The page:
Harnesses Global Supercomputing for Sustainability


Advances UN Sustainable Development Goals via AI

Research and Education

Promotes Inclusive AI Research and Education


Democratizes Global AI Technology Access


Supercomputers help reduce inequality

Jan 22, 2024

Data Science Africa join international partners to launch the International Computation and AI Network

Jan 19, 2024

World's most powerful supercomputers support UN SDGs and global sustainability

Jan 19, 2024

Rebalancing the global AI landscape: ELLIS becomes a founding member of the Internation Computation and AI Network (ICAIN)

Jan 17, 2024


Managing power imbalances and other problematic effects of AI on society demands smarter, more collaborative use of existing resources and a global response.

The International Computation and AI Network’s (ICAIN) resulting vision is thus to join forces and pooling expert knowledge and the world's foremost supercomputing resources to promote the development of interdisciplinary, innovative research and expertise for large-scale AI models that serve society and the achievement of the Sustainable Development Goals (SDGs) and their development.

Our diverse team, comprising leading scientists, researchers, and educators from renowned institutions worldwide, is dedicated to leveraging AI and computational power for the Good of humanity. ICAIN's inception was inspired by a collective vision to democratize AI technology and foster equitable advancements in AI research and education across all regions of the globe.

The network plans to be fully operational by early 2025. The goals of 2024 are setting up its organization and looking for suitable projects and partners as well as running pilot projects to generate early impact and learnings for the setup.

Founding Members

Our Pilot Projects

1. Improved Weather Prediction for Sustainable Agriculture
In order to improve agricultural production in Africa, it is important to improve the accuracy of weather forecasts available to small scale farmers. Agriculture in Africa is mainly rain fed and accurate rainfall prediction is likely to improve yields by allowing farmers to appropriately time activities such as planting and also help them select appropriate crops to grow.

Goal: In this project we will leverage weather data collected by large networks of sensors to improve weather prediction by linking these data with new artificial intelligence based weather prediction models running on powerful computers. The key goal is to provide accurate medium to long range localised precipitation forecasts.

Partners: This work will bring together Data Science Africa (DSA), the Centre for Data Science and Artificial Intelligence (DSAIL) at Dedan Kimathi University of Technology in Kenya, Amini, a Kenyan climate startup and Communal Shamba Coffee.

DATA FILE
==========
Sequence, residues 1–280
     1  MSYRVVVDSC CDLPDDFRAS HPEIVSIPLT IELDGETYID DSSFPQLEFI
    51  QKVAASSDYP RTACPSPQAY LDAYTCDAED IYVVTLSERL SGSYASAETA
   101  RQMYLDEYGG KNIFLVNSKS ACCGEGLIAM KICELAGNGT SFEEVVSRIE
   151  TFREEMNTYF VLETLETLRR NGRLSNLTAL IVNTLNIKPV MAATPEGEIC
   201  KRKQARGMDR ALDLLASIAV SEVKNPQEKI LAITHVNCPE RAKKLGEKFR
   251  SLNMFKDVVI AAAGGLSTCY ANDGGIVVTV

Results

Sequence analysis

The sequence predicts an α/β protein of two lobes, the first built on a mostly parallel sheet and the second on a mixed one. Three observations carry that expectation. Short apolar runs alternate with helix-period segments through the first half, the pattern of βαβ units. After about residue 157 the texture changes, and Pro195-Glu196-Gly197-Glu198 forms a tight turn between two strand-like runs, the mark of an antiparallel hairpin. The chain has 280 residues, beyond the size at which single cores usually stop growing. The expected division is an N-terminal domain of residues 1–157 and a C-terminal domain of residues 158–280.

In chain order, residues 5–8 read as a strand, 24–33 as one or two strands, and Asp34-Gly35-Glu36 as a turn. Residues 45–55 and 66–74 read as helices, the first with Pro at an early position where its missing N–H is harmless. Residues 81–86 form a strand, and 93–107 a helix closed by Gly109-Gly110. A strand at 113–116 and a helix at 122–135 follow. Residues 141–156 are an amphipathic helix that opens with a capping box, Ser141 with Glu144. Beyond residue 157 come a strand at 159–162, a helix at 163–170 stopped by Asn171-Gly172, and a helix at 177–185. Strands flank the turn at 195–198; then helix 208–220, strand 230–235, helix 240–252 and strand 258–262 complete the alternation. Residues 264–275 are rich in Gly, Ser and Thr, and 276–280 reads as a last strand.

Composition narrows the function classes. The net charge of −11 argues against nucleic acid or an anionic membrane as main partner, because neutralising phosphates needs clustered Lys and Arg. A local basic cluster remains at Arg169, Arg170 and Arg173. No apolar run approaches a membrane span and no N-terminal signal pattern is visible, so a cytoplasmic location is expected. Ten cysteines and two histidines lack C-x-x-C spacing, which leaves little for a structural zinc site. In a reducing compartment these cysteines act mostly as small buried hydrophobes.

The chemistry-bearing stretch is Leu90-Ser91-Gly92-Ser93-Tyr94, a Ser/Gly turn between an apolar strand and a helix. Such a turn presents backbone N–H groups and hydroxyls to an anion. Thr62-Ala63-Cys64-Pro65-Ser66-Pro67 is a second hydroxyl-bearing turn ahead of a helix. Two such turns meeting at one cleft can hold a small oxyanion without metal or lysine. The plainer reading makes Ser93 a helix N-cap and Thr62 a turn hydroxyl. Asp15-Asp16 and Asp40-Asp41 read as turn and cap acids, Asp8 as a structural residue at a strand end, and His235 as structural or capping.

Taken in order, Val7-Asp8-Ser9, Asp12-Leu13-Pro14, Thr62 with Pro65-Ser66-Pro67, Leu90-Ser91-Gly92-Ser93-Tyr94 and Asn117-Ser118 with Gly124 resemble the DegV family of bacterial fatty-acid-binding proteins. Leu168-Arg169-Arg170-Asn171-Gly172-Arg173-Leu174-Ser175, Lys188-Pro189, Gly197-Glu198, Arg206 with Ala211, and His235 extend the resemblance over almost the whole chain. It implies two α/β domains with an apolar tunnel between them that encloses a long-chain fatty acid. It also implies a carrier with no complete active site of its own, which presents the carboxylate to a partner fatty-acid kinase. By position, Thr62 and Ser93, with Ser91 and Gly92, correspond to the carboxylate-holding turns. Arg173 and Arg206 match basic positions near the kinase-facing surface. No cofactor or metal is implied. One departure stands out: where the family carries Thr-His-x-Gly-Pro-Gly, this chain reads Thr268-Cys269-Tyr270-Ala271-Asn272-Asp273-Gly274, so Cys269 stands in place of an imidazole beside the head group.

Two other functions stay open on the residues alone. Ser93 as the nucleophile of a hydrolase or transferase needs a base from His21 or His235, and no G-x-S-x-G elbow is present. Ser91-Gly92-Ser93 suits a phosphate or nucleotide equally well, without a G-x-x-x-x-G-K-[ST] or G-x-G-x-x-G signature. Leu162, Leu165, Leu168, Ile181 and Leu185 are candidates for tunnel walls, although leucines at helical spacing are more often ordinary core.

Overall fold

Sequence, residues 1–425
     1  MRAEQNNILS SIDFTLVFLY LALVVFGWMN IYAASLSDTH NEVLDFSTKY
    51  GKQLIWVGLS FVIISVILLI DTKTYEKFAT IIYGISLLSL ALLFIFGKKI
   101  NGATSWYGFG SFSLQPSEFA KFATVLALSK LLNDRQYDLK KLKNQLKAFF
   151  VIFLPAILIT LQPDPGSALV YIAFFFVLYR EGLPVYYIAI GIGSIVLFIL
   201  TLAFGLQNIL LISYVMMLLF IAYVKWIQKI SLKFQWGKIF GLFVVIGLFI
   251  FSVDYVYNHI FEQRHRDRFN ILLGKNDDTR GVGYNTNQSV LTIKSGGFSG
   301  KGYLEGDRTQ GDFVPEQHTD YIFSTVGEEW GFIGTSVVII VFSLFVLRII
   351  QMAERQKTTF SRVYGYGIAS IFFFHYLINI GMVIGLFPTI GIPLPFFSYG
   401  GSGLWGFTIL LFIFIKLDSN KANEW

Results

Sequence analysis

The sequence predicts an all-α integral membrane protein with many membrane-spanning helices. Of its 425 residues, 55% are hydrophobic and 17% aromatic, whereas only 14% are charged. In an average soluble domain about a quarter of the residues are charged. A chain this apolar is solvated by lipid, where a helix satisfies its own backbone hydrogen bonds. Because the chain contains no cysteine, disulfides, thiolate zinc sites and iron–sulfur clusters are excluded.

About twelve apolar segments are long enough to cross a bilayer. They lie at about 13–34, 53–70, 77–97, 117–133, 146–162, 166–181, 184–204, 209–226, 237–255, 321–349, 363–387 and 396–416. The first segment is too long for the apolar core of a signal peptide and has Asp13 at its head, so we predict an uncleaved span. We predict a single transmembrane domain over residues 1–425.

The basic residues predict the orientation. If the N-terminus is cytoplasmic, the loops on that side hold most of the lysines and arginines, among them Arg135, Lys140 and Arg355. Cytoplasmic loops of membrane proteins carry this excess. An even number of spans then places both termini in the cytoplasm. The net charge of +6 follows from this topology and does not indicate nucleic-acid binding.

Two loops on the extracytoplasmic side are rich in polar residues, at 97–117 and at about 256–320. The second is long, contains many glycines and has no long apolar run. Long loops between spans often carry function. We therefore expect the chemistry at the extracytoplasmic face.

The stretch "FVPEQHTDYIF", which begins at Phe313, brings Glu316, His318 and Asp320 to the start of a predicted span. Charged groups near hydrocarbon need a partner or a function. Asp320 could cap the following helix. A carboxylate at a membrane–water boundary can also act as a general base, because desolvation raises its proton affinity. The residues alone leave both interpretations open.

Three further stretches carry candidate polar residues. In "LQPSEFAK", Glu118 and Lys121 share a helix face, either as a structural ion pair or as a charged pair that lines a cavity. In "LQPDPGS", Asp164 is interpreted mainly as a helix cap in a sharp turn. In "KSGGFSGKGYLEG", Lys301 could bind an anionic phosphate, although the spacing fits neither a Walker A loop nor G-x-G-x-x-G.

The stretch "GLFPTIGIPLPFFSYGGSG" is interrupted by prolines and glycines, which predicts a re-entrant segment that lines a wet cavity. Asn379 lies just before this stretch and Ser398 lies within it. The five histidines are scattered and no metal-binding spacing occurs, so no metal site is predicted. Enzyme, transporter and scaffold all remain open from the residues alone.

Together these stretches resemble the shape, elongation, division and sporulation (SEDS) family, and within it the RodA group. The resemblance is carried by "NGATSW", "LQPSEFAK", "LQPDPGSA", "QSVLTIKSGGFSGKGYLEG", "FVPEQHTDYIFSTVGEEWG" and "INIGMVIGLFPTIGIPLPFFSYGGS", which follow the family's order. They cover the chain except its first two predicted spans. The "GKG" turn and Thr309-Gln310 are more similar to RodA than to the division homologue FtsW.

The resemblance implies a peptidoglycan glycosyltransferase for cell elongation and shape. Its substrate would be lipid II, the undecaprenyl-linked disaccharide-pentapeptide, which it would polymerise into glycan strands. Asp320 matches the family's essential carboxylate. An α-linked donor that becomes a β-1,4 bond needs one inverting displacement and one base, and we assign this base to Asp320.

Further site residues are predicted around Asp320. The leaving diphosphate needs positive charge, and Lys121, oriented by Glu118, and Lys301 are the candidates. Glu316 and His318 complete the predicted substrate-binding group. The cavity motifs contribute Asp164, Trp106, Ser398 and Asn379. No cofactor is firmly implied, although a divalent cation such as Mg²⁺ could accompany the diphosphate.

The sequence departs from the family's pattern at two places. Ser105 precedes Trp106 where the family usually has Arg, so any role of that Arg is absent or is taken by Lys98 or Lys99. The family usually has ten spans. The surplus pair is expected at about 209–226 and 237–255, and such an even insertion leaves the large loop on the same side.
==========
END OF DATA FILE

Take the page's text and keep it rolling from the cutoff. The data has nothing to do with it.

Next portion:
2. Early diagnosis of plant diseases through spectroscopy
About 40% of the global crop production is lost to pests. Sub-Saharan Africa is most vulnerable to the increasing risks of pests and diseases spreading in agriculture. The current methods of disease identification and diagnosis involve experts traveling to disparate parts of the country and visually scoring the plants by looking at the disease symptoms manifested on the leaves.

Goal: The research project investigates a 3-D printed smartphone add-on spectrometer that determines the state of disease in plants before it is visibly symptomatic. Portable devices for the early detection of crop diseases are needed to support the farmers and experts working in the field. The output of this tool is integrated into a smartphone in the form of an app, making it accessible for use in the field in real applications.

Partners: This project will be executed by Data Science Africa (DSA), and ETH Zurich.

3. Ethical AI for Humanitarian Action - Developing Tailored LLMs
The International Committee of the Red Cross (ICRC) seeks to leverage Large Language Models (LLMs) to enhance its humanitarian work. Challenges like the bias of existing models, the underrepresentation of humanitarian contexts in commercial AI training sets, and the sensitivity of data related to conflicts limit the adoption of off-the-shelf AI models.

Goal: To address these constraints, the ICRC will investigate the responsible development of LLMs specifically tailored to its mandate on international humanitarian law and in line with its protection work in favor of people affected by armed conflicts. Ethical and accountability considerations will be at the center of this project, with the development of tools to assess if developed models are safe to be used for humanitarian applications.

Partners: This project will be executed by ICRC (DSA), and ETH Zurich.